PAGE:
The first time I was confronted by a guy who wasn’t hyper-masculine or insecure about his identity as a man was in high school by my high school sweetheart. I vaguely remember the first time I saw him cry. My first thoughts about this activity had nothing to do with his masculinity. There was no place in my brain that lessened my opinion of him due to this visible show of his emotions.
In reality, I’m an emotional bitch. Just thinking about things that upset me can bring tears to my eyeballs. Watching other people cry generally makes me want to cry too, so having to witness his emotional pain did not sit well with me at all, because crying is supposed to be for girls. A myth that most Americans are brought up on. So, I think one of the first things I felt when seeing his tears was confusion. Boy + tears = what? I had no real idea because I’d never seen a guy cry before.
Besides “dating” (a word used very loosely) an emotionally abusive asshole who frequently cried when he finally got over being mad at me about some shit I didn’t even do and actually felt bad about calling me a whole host of bad words to the general theme of “slut”, my second encounter with men who were unburdened by the American taboo of insensitive, aggressive, alpha-male–expected to be strong all the time and hold in all of their feelings man syndrome was in Paris.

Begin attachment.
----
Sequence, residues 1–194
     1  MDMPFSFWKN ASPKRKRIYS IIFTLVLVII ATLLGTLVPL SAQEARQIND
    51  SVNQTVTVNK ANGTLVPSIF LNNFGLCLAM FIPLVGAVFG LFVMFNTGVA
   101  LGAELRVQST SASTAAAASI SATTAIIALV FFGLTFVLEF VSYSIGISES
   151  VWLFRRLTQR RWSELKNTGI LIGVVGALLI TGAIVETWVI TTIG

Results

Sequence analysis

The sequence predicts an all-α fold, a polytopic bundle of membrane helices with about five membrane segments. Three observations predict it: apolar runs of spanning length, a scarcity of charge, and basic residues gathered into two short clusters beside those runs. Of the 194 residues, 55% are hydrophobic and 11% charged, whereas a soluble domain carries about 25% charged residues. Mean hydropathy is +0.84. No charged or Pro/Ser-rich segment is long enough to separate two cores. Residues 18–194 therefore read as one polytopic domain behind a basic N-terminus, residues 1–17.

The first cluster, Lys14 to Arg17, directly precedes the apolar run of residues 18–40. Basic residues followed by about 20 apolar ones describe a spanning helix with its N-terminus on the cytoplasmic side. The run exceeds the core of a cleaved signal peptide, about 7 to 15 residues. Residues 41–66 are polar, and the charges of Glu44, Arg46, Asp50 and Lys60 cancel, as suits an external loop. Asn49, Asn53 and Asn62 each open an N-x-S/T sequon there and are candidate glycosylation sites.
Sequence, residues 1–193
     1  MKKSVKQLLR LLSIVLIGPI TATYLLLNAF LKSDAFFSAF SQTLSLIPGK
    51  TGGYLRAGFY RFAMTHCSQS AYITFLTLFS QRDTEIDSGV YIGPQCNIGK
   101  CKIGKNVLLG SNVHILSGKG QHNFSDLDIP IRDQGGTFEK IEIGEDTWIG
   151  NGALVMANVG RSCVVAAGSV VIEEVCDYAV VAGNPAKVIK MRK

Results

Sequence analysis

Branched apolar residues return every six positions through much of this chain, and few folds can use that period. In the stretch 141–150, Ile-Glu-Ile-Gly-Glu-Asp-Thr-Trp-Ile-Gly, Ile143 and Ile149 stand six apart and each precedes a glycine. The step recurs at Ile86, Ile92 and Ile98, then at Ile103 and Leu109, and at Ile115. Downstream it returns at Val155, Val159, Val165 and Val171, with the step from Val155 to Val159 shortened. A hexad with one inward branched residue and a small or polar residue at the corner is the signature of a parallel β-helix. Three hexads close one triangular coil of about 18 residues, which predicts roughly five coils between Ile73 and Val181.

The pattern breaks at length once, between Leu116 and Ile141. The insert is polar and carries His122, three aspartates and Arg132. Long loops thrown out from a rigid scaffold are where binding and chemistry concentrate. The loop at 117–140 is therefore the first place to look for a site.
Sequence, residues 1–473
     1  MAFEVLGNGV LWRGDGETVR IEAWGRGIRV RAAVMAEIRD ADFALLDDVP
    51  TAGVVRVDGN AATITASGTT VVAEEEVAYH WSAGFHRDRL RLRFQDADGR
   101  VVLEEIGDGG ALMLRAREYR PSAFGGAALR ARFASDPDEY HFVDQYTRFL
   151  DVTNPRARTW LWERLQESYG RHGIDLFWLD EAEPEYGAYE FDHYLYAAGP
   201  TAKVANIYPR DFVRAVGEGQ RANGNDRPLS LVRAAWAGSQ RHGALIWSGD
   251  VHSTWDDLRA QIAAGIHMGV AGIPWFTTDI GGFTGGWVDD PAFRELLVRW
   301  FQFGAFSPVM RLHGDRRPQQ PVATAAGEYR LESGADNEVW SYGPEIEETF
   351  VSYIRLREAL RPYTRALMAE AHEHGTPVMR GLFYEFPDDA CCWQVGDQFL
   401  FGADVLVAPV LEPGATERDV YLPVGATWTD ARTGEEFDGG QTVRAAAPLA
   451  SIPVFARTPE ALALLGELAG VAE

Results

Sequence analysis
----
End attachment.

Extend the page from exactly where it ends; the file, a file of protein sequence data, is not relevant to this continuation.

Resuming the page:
It was a little more than baffling to have a man wait on me hand and foot, bring me coffee in bed, and cook for me. If this royal treatment weren’t enough, the physical appearance of the gorgeous man I was sleeping with at the time really iced my cake. He had long, curly hair, wore very fitted clothing, and was definitely not afraid to use his hips during the salsa. Of course, being an untrusting American girl absolutely entranced by the strength of the feelings I had for a man who made it all the way to the allusive third date, I was totally skeptical of the heterosexuality of a man who not only wore shorts that stopped above his knees, but also wore t-shirts as tight as mine, participated in foreplay, exhibited patience, and appreciated my high sex drive.
That last bit may come as a bit of a surprise because of the readily accepted reality that men should be praised for bedding many bodies while women should be shamed for that same behavior. And I have been shamed many times while living in this very sexually repressed country that loves to sexualize women when it lines their own pockets and is convenient for them.